2. Trauma. Adverse childhood events (ACE) are childhood experiences that include a wide range of neglect, abuse and dysfunction. The more ACE’s an individual has in their past, the poorer their ability to regulate their emotions effectively. Anger is a very common outlet for these previosuly stored pains and emotional charges. As we move into adulthood, other traumas such as accidents, deaths, relationship breakdowns, and much more can cause emotional trauma leading to anger.
  3. Learned behaviour. Humans are social creatures who learn extensively through modelling. This is the process where we observe those around us and mimic their behaviour. If an individual grows up in an enviroment where their parents readily used anger as a means to communicate, these behaviour patterns can be learned and practiced over many years. Long-term exposure to anger in the family leads to it becoming normalised, and becomes a part of our normal daily life.
  4. Stress. The world is becoming more and more stressed, with mental health challenges at an all time high and showing no signs of slowing down. One of the key challenges is high stress levels. When we are stressed, circulation in the brain changes. It moves away from our rational, calm, objective brain, and moves towards the emotional centres. This shift in blood circulation prevents us from thinking clearly, communicating effectively, and talking things through. The result is rash, exaggerated responses which result in uncontrolled outbursts of anger.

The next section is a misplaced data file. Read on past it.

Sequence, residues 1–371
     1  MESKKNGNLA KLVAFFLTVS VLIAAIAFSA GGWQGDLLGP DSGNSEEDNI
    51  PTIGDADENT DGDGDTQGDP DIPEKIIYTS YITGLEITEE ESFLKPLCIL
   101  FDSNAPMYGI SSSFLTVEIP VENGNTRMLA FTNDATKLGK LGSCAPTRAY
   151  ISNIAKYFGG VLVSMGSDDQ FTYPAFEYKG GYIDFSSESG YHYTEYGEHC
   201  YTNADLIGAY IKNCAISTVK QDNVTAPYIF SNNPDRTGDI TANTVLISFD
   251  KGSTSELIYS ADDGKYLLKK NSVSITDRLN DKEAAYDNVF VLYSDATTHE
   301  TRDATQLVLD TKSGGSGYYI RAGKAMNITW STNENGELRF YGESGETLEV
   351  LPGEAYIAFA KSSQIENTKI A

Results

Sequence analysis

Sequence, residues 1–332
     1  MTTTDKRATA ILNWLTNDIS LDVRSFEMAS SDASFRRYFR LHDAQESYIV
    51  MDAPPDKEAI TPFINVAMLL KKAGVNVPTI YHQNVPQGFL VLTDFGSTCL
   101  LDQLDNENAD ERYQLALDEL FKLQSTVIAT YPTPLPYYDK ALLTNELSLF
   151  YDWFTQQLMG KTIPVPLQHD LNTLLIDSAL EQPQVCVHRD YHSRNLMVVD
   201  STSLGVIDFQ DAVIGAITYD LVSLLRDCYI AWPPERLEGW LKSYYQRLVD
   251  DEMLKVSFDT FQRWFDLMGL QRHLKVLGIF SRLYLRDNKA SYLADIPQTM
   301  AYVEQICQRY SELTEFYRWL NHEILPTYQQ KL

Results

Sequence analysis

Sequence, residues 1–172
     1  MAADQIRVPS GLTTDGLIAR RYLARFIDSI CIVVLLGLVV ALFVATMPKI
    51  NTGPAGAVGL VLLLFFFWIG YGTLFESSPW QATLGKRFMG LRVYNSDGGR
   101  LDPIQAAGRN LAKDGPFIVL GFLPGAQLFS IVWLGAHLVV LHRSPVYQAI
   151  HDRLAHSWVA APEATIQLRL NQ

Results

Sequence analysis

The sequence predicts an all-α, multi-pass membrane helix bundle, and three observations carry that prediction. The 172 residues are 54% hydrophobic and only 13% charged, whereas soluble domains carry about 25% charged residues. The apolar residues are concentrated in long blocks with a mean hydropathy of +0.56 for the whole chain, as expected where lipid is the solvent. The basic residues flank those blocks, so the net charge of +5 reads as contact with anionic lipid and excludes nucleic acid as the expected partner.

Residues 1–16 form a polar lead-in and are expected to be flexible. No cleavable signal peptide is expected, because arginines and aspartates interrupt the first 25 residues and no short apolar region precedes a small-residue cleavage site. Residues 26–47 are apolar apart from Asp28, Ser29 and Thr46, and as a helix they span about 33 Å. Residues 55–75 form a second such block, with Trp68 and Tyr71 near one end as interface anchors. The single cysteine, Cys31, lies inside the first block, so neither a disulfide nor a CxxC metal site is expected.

5. Challenges to values. Every individual has their own set of values; the things that they see as being the most important in their life. We are very strongly biased by our values and when something important to us is challenged, we respond by boldly standing up for what we believe in. This is true for everyone, but the lower the awareness we have of other people’s value systems, combined with our own biases, leads to an exaggerated and uncontrolled show of anger.
  6. Unrealistic expectations of self. When we listen to mothers, fathers, preachers, and teachers across our social circles, we can allow ourselves to get bogged down with how we think we should be. We try to live up to unrealistic world views, where we only behave in certain ways and only do certain things. These skewed models of the world set us up for failure because they’re very often unachievable. When we inevitably fall short, anger at ourselves follows, which impacts those around us.
  7. Unrealistic expectations of others. When we expect other people to behave the same way we do, we get very quickly bumped back to reality. The more we expect people to all live by our standards, the more we will be disappointed. This creates a conflict, we become self-righteous and believe our way is the best way, and when someone does soemthing against that, the puffed up self-righteous part of us gets angry.

Using these 7 causes of anger is a powerful way to identify where the main challenge is, and to use the skills and tools of anger management to resolve them. Everyone can break free of anger issues with the right tools.

Anger Resolution Training

Using the Anger Management techniques helps us to create a personal toolbox of strategies we can use to keep calm and stay in control. When we combine these with an understanding of the 7 causes of anger, we can start to pinpoint what the root cause of the anger is, and take steps towards resolving the triggers.

The results are increased and expanded self-awareness, skill, and experience in implementing a toolbox of techniques, and a greater understanding of how the mind works. All of which allow for anger to be channeled effectively and help create positive social change.